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Isozyme Studies on the Dryopteris "spinulosa" Complex, I: The Origin of the Log Fern Dryopteris celsa
Charles R. Werth
Vol. 16, No. 3 (Jul. - Sep., 1991), pp. 446-461
Published by: American Society of Plant Taxonomists
Stable URL: http://www.jstor.org/stable/2419336
Page Count: 16
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Most of the species in the genus Dryopteris of eastern North America, as well as several European species, are implicated in an intricate hybrid/polyploid complex referred to here as the D. "spinulosa" complex. Conflicting hypotheses have been proposed to account for the ancestry of the allopolyploid species of this complex: 1) the "semicristata" scheme invokes a hypothetical diploid, putatatively extinct, as an ancestor of certain alloploids; 2) the reinterpretation scheme interprets all all alloploids as derived from extant diploids. To test these hypotheses, a comparative study of isozymes among the species comprising the D. "spinulosa" complex has been undertaken. The present paper reports evidence relative to the origin of the allotetraploid D. celsa, a widespread but locally occurring wetland species. The parentage of D. celsa has been alternatively hypothesized as either D. ludoviciana x goldiana ("semicristata" scheme) or D. ludoviciana x marginalis (reinterpretation scheme). Isozyme patterns were compared for 12 enzymes coded by 19 loci resolved and interpreted across the four relevant species. The inferred isozyme genotype of all D. celsa individuals examined was identical, with rare exceptions, and was homozygous for 13 loci and fixed heterozygous for seven loci. Under the assumption that D. ludoviciana is one ancestor of D. celsa (as both hypotheses agree), all loci were consistent with the hypothesis that D. goldiana was the other ancestor, whereas only 12 were in any way consistent with ancestry by D. marginalis. The assumption of ancestry by D. ludoviciana was supported by all loci except Pgi-2, where D. celsa is fixed for an allele not detected in any of the putative parents. While the origin of this orphan allele is uncertain, its fixation in D. celsa suggests that this allopolyploid species has had a unique origin, in contrast to the multiple origins inferred for other allopolyploid species. This study has provided unequivocal evidence that the ancestry of D. celsa is D. goldiana x ludoviciana, a result that substantially strengthens the plausibility of the "semicristata" scheme.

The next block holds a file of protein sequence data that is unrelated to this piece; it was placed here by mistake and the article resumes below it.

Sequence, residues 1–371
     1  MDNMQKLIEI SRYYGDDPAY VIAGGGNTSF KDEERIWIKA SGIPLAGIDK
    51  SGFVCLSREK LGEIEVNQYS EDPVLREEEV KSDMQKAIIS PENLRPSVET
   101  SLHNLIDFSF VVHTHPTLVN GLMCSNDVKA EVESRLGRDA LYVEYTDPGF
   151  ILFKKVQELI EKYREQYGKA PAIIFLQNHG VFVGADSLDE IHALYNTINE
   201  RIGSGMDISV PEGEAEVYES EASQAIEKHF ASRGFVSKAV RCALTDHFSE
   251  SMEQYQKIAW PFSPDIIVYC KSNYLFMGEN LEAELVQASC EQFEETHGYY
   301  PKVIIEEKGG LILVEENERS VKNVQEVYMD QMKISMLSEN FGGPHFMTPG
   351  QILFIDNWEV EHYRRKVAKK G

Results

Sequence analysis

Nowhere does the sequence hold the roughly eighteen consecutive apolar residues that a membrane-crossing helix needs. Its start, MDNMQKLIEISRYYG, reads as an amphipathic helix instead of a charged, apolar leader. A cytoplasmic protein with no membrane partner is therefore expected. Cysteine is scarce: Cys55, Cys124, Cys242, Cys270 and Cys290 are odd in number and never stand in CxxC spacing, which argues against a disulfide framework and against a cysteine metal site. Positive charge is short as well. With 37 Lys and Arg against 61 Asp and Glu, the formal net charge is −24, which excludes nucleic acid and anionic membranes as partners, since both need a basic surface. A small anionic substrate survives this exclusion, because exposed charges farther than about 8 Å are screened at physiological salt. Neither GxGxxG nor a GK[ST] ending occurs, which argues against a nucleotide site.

Systematic Botany © 1991 American Society of Plant Taxonomists